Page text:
Watching What You Mix with Your Rx

Dietary supplements taken with prescription medications among many US adults

/ Author:  / Reviewed by: Joseph V. Madia, MD Beth Bolt, RPh

(RxWiki News) It may seem harmless to pop a multivitamin each day, but many dietary supplements still contain active ingredients that affect the body. They might also interact with prescription medications.

A recent study found that about one in every three adults took both dietary supplements and prescription medications simultaneously.

The most common supplements taken among US adults were multivitamins and antacids, the study found.

Those with a diagnosed medical condition were more likely to take supplements along with prescription medication, compared to those without a medical condition.

Taking supplements like multivitamins, especially those with added herbs or fish oil, may interfere with prescription medications. Therefore, doctors need to be aware of all the supplements that their patients may be taking if the patient is taking prescription medications.

"Tell your doctor about the supplements you take."

This study, led by Emily Farina, PhD, RD, a fellow at the Oak Ridge Institute for Science and Education in Belcamp, MD, aimed to learn more about adults' use of dietary supplements and prescription medication.

The researchers analyzed data from 9,950 adults, aged 20 and older, who were involved in the 2005-2008 National Health and Nutrition Examination Survey in the US.

The researchers found that about one third of US adults (34 percent) reported regularly taking both dietary supplements and prescription medications.

Those who had a medical condition, the study showed, were about 2.6 times more likely to take dietary supplements and prescription medications than those with medical conditions diagnosed by a doctor.

Overall, 47 percent of those with a doctor-diagnosed medical condition took supplements and prescription medications, compared with just 17 percent of those without a diagnosed medical condition.

This finding remained true even after the researchers had taken into account differences between the participants' age, sex, educational level and household income.

However, women were found to be more likely than men overall to take dietary supplements.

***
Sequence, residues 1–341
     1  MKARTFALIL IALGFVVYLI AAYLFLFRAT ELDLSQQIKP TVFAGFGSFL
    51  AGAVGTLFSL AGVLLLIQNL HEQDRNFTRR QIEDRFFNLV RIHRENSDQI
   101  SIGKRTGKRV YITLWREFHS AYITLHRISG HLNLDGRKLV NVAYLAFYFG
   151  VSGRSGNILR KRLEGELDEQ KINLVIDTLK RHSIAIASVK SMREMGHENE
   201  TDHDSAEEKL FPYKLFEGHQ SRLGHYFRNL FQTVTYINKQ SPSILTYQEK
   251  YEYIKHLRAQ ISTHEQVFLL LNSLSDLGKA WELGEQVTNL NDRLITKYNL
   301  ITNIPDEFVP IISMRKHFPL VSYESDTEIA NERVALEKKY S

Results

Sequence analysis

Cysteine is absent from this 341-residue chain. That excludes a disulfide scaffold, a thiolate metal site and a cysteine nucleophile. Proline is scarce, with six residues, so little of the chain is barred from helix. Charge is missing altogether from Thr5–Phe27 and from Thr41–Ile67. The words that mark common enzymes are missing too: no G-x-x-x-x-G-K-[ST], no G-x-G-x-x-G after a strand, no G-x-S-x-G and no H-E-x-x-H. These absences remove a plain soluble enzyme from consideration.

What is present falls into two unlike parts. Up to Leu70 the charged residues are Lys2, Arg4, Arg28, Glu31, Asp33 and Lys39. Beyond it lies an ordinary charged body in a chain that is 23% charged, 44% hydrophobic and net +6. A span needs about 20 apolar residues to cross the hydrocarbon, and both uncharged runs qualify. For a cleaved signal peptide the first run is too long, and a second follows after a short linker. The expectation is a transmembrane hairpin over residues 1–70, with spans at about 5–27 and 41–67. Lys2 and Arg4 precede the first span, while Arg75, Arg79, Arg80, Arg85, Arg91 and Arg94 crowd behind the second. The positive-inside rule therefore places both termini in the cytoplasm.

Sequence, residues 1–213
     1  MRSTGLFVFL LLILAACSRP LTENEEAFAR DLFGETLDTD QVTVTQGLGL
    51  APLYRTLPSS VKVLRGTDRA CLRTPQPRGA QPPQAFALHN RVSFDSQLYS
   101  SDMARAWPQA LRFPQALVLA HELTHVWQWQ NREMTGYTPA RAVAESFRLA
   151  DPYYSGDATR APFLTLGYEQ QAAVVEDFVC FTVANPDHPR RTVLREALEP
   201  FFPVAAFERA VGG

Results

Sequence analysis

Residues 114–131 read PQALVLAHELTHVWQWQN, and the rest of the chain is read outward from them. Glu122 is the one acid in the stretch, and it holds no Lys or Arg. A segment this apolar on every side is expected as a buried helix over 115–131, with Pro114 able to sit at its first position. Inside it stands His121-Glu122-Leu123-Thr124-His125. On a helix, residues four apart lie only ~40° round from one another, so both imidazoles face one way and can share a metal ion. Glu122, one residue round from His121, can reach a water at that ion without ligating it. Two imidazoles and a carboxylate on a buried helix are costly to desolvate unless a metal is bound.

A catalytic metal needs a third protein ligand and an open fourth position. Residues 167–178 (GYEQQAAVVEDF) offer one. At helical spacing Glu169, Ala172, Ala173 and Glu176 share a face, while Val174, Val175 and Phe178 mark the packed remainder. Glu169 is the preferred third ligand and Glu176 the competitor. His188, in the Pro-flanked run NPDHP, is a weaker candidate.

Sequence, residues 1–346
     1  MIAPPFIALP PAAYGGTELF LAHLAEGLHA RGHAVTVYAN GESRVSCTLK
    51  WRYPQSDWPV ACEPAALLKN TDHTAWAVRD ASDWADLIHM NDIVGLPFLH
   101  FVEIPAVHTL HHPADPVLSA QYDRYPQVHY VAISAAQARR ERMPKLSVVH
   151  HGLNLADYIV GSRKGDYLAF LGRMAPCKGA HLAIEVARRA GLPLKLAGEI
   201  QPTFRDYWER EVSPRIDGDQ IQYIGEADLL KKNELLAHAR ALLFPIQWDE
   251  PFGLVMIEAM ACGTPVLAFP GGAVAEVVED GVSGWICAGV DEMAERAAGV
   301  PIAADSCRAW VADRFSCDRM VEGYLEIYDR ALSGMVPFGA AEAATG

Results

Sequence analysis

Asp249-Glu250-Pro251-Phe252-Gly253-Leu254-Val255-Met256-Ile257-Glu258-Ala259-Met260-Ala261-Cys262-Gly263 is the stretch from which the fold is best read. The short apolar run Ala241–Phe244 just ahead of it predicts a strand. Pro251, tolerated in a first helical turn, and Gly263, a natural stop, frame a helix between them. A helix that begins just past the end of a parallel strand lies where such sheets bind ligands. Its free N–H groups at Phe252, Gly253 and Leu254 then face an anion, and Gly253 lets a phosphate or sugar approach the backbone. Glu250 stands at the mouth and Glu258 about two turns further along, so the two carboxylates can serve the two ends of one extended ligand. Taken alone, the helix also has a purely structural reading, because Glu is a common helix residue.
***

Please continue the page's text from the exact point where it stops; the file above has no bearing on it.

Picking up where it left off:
Participants aged 60 and older were also more likely to take supplements and prescription medications than younger adults.

The most common condition found among those taking both dietary supplements and prescription medications was osteoporosis.

Also common among those taking supplements and prescription medications were cancer, arthritis, diabetes and heart, kidney, respiratory or liver conditions.

Among those with diagnosed medical conditions, the most commonly prescribed medications were cardiovascular ones.

The most commonly prescribed medications among those without a medical condition were hormones, including birth control pills.

The researchers also found that US adults with medical conditions were more likely to take multivitamins with added ingredients, such as fish oil, herbs or botanicals, than they were to take plain multivitamins.

These findings reveal that having a medical condition may increase the likelihood that someone taking prescription medications will also take dietary supplements.

"The increasing complexity of combinations of ingredients contained in dietary supplements may require explicit evaluation by health care and dietetics practitioners," the researchers wrote.

This study was published April 7 in the Journal of the Academy of Nutrition and Dietetics. The authors reported no conflicts of interest.

The research was funded by the US Army Medical Research and Material Command, the Department of Defense Alliance for Dietary Supplement Research and the Oak Ridge Institute for Science and Education with the Department of Energy.

Review Date: 
April 30, 2014
Last Updated:
May 1, 2014